3) Italy invented Banks. Banks were born in the Middle Ages to italian grain merchants (see "Merchant banks" in Wikipedia for more info). Banks are a very complex reality in Italy. They got it away without major damages during the recent subprime crisis, most likely due to their old-styled way of doing business. Indeed, in an economic environment such as Italy's, where the vast majority of the enterprises are moms-and-pops ones, banks are supposed to play a crucial role in the survival of the economic system as a whole. Still, the overall picture of Italy's entrepreneurship is a dull one, in that it's restricted to only a few names (5 or 6 being the most notable), many of which exibiting a fairly rich criminal résumé displaying bribing and bankrupcy fraud practices that are very common in our country, because if you are important enough there is always a law you can fall back on to guarantee your impunity. Displaying the most relevant effect of our banking system being so overwhemingly important, these people's concept of entrepeneurship isn't so much referred to a strategical value of sort, if at all, as it is to avid speculation and pure greed. They are in fact mostly predators which moves from a major company to another, leaving only a hill of debris behind. That explains why a company like Telecom Italia has 1/10 to 1/20 less value then its counterparts in the french and germany stock exchanges. Needless to say, these businessmen are major investors in the bank system themselves. And in perfect Berlusconian style, they swim in the pool of the conflict of interest like fishes in water, precipiting Italy in a situation where the bankers who do the financing are also the the owner of the firms who profit from it, and where the watchdogs of the system are virtually the same who are supposed to be watched over. Bank and financial services didn't undergo restructuring during the recent crisis, as happened in the U.S., and still account for 35% of the capitalization in the italian equivalent of the american Dow Jones index, almost double as much as in France, in Germany and in the U.S., where an overgrown financial system was brought back by the crisis to a more healthy and sustainable dimension. If we bring utilities into the equation, then the percentage increases to 80%. That is the result of decades of state presence in the national economy, dating back to the fascism era and beyond. Currently, a net 41% of capitals quoted in our main Index is in the state's hands (data as to 03/22/2010, reference: "Repubblica", pag. 15). The scandals of Cirio's and Parmalat's bonds (two major companies which put themselves at the centre of two of the most outrageous frauds in the italian economic history, related to illegaly issuing junk bonds to unaware retail investors), wiped out in Italy bonds as a viable way of private financing: an effect of the mistrust that those scandals spread among retail and institutional investors. As a result, the management of capital flows has been more and more prerogative of the national banks, which are also to be held responsible for actively participating in Cirio and Parmalat massive frauds. Moreover, our banks have flooded many of our local public administrations with CDS contracts, indebting municipalities and regional governments for 35 billion euros, that's to say one third of their total indebtdness (Financial Times). Flow of international capitals into the italian economy was both deliberately discouraged by governments (under the pretence of a ridicolous "defence of Italy's identity", as in the recent refusal to sell the financially distressed state-owned airway company "Alitalia" to Airfrance, which is costing Italy at least 5 billion euros) or disregarded by investors themselves, who cast doubt upon the actual competitiveness and transparency of our economy. Incidentally, whereas Madoff will have to die as inmate in a state prison, Callisto Tanzi, the criminal mind behind the Parmalat scandal, is free and has already started up a new business.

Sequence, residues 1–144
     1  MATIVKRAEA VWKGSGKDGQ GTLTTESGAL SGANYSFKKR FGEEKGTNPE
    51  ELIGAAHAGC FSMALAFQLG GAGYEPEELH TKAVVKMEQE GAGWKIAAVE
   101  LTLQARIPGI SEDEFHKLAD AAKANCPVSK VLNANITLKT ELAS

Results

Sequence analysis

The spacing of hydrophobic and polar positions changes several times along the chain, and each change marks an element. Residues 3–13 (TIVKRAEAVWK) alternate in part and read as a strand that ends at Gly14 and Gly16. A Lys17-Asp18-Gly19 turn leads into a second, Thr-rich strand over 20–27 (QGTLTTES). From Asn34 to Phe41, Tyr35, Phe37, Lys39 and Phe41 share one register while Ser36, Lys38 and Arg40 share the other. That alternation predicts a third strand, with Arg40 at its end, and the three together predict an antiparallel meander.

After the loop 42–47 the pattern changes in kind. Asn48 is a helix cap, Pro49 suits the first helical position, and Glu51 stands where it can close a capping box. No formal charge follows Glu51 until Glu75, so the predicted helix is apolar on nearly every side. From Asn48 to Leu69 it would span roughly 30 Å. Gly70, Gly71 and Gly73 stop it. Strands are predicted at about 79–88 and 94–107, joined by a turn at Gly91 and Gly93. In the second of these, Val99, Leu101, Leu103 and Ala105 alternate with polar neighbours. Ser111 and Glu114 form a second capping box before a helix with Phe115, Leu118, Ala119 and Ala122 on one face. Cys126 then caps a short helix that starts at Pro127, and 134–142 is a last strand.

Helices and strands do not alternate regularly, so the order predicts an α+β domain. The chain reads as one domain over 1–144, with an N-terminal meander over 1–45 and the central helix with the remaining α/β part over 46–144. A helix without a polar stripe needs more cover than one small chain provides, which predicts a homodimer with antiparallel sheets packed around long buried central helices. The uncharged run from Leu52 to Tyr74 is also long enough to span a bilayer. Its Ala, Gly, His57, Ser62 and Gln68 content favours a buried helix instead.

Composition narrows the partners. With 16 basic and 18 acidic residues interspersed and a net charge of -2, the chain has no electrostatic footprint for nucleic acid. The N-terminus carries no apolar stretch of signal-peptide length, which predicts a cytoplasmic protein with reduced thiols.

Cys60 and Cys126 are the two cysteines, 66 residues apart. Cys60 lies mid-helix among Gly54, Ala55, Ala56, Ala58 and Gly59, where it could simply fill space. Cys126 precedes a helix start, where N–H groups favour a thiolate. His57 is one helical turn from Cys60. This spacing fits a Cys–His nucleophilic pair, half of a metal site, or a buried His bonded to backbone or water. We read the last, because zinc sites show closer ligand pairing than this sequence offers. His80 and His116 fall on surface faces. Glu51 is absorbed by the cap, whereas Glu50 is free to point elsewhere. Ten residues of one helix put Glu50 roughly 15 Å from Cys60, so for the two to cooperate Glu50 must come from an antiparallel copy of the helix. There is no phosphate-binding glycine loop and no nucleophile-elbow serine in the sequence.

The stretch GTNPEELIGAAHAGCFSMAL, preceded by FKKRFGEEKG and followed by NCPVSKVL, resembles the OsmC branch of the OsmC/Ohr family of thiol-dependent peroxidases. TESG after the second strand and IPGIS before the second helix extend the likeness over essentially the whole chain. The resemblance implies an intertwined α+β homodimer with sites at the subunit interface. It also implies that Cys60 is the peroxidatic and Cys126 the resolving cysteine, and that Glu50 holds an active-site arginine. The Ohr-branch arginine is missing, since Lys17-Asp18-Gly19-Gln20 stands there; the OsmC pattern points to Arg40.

A State tailored for one manWe are in Italy 37 laws away from democracy. That is the number of laws that mr. Berlusconi and his staff (mostly made up of his own private lawiers) created to benefit his own person and had the parliament approve. And that's not to mention the added contribution of the parliamentary "opposition" either with proposals or by approving criminal-friendly laws themselves, when they took the lead of the country. If we take into account also the laws mr. Berlusconi promoted and had approved to benefit - or damage - people and private interests of all sorts, then the number raises to more than 100. What separates democracy - or even any other form of government for that matter - from the law of the jungle is the principle that laws must be abstract and retain a generic value. That's not what we have seen in Italy in the last 16 years, when laws "ad personam" (to enable Berlusconi to avoid jail), laws "ad personas" (to enable people of Berlusconi's entourage to avoid jail), laws "ad aziendam" (to favour Berlusconi's firms in spite of the principle of free competition) or laws "ad listam" (to favour his local candidates during the ongoing campaign for the election of the regional administrations), among others, were approved.
The inevitable conclusionIn 1988 situationist thinker Guy Debord, author of the work of genius "The Society of the Spectacle", declared Italy to be the nation where the realisation of the Society of the Spectacle had reached its apex. The italians who believe that something can still be done pray the European Community to put Italy in a regime of compulsory administration, before a situation that has already gone out of control can spread its destructive effects to all the civil world out there.